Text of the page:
8. Use metrics to support coaching
Once actions have been set, managers need a method of tracking progress and measuring outcomes that is visible to the employee. This visibility is vital in the switch from ‘managing performance’ to ‘enabling performance’, as it gives the employee a clear way to review their own development and measure their ongoing improvement. This then influences their agenda for the next one-to-one and enables the manager to support long-term development.
9. Recognise achievement and offer constructive feedback
No one can develop if they don’t know what they are doing wrong - or right. Feedback needs to be constructive, with actions that the employee can take to improve. But it’s also important to keep feedback balanced: don’t just share the errors but give recognition for successes too. This will help employees feel positive about their contribution and keep moving in the right direction.
10. Capture key discussion points
At the end of every one-on-one, it is essential to capture key discussion points, to ensure that both parties can refer back to previous sessions and assess long-term development. As a coach, these key discussion points and their outcomes are an important motivational tool to drive employee engagement and satisfaction. Keep accurate records of discussions for long-term development, greater measurability and accountability. If you don’t have a performance platform that makes it easy to log this information, establish a consistent method of note-writing and recording.
How to help managers become better coaches to enable performance
Open, honest conversations are not always easy. You may find some employees are ready and willing to discuss everything straight off the bat – which makes dealing with issues a lot easier. Others may be open about some aspects, such as work performance and operational challenges, but reticent to discuss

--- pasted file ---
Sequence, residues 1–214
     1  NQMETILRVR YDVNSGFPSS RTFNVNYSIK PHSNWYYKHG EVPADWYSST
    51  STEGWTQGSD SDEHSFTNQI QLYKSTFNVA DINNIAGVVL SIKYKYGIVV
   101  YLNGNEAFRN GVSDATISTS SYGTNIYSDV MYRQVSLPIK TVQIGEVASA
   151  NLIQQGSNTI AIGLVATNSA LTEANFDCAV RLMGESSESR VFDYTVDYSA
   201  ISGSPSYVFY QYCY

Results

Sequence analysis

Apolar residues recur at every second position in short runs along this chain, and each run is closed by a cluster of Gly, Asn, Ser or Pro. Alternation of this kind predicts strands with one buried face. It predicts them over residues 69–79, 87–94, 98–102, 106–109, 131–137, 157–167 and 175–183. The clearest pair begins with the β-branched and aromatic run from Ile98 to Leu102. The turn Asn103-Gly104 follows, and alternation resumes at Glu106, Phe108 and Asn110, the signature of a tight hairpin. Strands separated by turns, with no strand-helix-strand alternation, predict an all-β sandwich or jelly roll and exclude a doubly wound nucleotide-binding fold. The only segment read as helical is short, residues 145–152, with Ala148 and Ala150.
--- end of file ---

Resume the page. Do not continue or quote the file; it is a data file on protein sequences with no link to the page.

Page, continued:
wellbeing, motivation or feedback (especially if they have not come from a people-centric workplace where such discussions could put career progression at risk). Then there are those that are very much a closed book. In all three cases, ensuring that the right conversations take place, at the right time, means that managers need to know how to ask the right questions.
OpenBlend is a performance management platform that provides an organisational structure that features a range of coaching prompts and frameworks that guide managers through the coaching process, to equip them with the skills and touchstones they need to unlock their team’s best performance.
From empowering employees to set a time-effective structured agenda and providing Regular Feedback, through to setting Objectives & OKRs and addressing wellbeing and motivation, the OpenBlend platform provides an easy to use framework that empowers managers and employees alike to have the right one-on-one conversations, at the right time: improving wellbeing, driving productivity and increasing engagement.